Is it worth it to buy a Swiss made watch 🔎 ?
Some of you might be wondering why it would be worth buying a more expensive Swiss made watch. Perhaps you are hesitating between Fjordson and another non-Swiss watch brand, which both are just as good-looking.
In this blog we'll shortly introduce you to the understanding of what a Swiss made watch is exactly and why these watches are different from others.
What is a Swiss made watch in the first place?
If a watch brand wants to use the Swiss made label, it needs to meet certain requirements of the Swiss made ordinance. This is strictly determined by law.
In summary, to be marked Swiss made, a watch has to meet the following requirements:
- It uses a Swiss movement, this is the the 'engine' of a watch
- The movement is cased up in Switzerland
- The final inspection is conducted by a manufacturer in Switzerland
- At least 60% the manufacturing costs are incurred in Switzerland
Main reasons why Swiss made watches are different
Switzerland has been dominating the watch industry since the early 20th century. The term 'Swiss made watches' has since then been associated worldwide with being high quality, well-crafted and reliable products.
End-product of a long history of watchmaking. Already since the 16th century, Swiss watchmakers have established a reputation for making quality products. It's not a surprise that most of the well known watch brands such as Rolex or Omega are all in fact Swiss made watches.
Built to last. Swiss watches are famous by its superior movement quality. As Swiss movements are always made by hand and its gears of metal, you're guaranteed of lifelong joy. Non-Swiss watches often use plastic parts to reduce manufacturing costs.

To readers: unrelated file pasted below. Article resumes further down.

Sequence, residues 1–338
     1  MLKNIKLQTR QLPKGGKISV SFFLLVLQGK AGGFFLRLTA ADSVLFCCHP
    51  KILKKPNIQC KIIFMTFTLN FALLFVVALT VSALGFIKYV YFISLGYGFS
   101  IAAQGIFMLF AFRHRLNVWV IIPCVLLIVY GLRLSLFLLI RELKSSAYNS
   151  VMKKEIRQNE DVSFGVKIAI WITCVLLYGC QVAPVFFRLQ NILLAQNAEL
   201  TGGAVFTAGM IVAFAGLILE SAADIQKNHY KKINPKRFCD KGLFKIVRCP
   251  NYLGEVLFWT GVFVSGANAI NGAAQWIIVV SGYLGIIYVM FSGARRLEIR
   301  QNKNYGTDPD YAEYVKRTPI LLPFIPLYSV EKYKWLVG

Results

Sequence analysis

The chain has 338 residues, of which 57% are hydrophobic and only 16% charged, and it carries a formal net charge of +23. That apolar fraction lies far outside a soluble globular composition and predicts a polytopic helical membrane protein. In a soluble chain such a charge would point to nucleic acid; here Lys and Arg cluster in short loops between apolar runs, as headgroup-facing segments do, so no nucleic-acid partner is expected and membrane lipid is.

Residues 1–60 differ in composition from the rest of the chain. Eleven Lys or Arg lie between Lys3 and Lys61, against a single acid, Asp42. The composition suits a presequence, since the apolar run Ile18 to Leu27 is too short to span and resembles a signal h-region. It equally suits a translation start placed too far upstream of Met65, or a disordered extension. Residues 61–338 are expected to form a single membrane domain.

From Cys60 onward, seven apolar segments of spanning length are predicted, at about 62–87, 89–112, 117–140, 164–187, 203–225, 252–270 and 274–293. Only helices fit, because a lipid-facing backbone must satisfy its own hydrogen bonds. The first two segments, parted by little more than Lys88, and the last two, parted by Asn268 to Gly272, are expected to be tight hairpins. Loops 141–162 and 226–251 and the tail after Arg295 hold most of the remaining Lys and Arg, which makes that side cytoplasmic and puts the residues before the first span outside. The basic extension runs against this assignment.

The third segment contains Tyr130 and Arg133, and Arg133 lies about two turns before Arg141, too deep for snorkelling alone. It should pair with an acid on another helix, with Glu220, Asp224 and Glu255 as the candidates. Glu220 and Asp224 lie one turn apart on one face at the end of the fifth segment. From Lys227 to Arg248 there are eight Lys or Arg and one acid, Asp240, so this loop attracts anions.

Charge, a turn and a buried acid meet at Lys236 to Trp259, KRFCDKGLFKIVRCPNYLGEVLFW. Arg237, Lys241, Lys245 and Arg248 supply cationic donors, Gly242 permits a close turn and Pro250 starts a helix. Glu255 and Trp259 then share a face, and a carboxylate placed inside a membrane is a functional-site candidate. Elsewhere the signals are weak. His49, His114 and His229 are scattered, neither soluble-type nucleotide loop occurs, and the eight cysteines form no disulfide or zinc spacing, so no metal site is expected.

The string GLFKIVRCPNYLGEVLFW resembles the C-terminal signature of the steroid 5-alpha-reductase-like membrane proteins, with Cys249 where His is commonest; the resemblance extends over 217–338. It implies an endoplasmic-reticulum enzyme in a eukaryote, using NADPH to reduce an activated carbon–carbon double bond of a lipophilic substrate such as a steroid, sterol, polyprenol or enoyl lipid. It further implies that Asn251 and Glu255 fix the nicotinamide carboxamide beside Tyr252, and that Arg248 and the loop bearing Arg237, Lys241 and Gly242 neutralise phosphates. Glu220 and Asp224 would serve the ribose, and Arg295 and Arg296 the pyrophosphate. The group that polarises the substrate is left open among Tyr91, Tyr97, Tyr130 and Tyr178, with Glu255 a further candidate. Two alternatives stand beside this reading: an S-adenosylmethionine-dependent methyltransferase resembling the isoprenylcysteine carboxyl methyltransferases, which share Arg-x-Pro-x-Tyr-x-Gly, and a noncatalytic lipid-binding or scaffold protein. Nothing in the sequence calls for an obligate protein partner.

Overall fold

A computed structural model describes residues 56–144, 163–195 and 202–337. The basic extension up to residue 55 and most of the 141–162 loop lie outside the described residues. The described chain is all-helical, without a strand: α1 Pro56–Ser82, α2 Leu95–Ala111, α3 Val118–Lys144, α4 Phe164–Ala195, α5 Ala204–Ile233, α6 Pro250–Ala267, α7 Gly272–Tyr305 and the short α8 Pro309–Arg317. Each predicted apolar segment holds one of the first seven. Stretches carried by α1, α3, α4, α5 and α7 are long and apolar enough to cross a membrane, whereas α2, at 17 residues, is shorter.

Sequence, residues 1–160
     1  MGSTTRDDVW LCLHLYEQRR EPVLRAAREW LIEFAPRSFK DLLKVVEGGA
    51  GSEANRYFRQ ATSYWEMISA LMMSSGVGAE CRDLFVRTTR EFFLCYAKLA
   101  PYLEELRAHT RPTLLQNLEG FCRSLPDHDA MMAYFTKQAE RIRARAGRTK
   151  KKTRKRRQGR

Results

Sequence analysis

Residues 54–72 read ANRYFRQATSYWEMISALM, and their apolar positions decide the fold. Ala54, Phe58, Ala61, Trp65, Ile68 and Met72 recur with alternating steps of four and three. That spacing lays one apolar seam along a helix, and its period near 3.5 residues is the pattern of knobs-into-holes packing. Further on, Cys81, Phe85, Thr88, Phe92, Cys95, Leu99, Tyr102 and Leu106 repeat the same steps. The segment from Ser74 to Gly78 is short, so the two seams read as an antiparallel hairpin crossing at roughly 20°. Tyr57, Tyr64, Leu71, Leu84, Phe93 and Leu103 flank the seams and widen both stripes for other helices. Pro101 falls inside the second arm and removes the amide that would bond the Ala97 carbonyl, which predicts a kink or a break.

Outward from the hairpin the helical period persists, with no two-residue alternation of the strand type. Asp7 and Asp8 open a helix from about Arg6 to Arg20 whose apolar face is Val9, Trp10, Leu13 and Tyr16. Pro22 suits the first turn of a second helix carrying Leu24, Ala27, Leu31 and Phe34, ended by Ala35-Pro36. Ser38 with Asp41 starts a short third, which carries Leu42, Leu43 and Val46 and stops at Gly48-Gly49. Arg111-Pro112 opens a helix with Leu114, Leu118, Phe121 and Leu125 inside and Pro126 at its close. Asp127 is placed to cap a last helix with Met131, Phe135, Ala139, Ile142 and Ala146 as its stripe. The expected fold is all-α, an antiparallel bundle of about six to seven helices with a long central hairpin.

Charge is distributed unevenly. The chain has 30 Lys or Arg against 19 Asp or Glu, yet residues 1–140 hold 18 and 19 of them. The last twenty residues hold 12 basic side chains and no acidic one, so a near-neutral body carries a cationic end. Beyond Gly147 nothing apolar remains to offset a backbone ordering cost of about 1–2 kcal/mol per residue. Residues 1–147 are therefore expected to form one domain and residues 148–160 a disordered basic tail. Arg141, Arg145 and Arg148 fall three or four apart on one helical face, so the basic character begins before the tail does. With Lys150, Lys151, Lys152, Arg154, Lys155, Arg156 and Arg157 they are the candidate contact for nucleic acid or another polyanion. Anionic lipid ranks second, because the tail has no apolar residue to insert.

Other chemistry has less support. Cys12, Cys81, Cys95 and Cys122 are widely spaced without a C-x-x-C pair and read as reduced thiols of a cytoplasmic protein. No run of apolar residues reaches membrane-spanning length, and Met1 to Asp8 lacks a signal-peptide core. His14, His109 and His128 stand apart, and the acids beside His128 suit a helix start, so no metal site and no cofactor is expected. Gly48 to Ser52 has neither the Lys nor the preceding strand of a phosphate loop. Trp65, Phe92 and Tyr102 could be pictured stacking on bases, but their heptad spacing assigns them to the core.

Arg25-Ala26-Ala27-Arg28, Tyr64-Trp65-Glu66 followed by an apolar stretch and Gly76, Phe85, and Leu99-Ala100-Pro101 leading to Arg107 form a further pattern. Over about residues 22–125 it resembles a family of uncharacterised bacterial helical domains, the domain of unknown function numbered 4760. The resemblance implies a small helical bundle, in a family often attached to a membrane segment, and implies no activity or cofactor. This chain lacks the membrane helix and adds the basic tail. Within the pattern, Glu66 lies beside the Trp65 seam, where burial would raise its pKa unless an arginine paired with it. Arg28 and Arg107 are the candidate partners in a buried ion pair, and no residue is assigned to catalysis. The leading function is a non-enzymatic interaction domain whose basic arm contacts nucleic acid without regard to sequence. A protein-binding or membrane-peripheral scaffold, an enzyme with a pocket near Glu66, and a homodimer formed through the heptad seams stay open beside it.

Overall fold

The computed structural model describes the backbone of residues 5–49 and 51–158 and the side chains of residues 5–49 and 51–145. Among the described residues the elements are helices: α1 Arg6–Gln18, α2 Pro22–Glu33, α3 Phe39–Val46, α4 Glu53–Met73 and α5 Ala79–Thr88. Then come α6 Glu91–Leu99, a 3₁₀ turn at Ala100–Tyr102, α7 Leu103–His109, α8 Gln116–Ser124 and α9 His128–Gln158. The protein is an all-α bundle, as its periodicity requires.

Use of 316L surgical steel. Swiss watches are made of this type of high grade steel material. It makes the watch extremely resistant to corrosives and is also beneficial for people with allergies to inferior alloys. Only the best, for the best.
Scratch resistant glass. There's nothing worse than a watch which face is all scratched up. As Swiss made watches uses a very hard sapphire crystal, you can be sure of a crisp and clear looking watch face. Forever. Non-Swiss watches often uses hardened mineral or even regular glass, making it very fragile for scratches or even cracks.
Conclusion: by having a better understanding of the Swiss made label, we hope you're able to decide with more thought on your next watch. In the end it's all about your own preference. Unless you're comparing a ten dollar watch, most of todays 'mid/high end' watches are pretty decent. Make sure to check the movement and the use of materials in that specific watch brand.
Wondering why we love Swiss watches ourselves?
For us it's all about its long-lasting quality. And of course owning a piece of history in watchmaking ;-)
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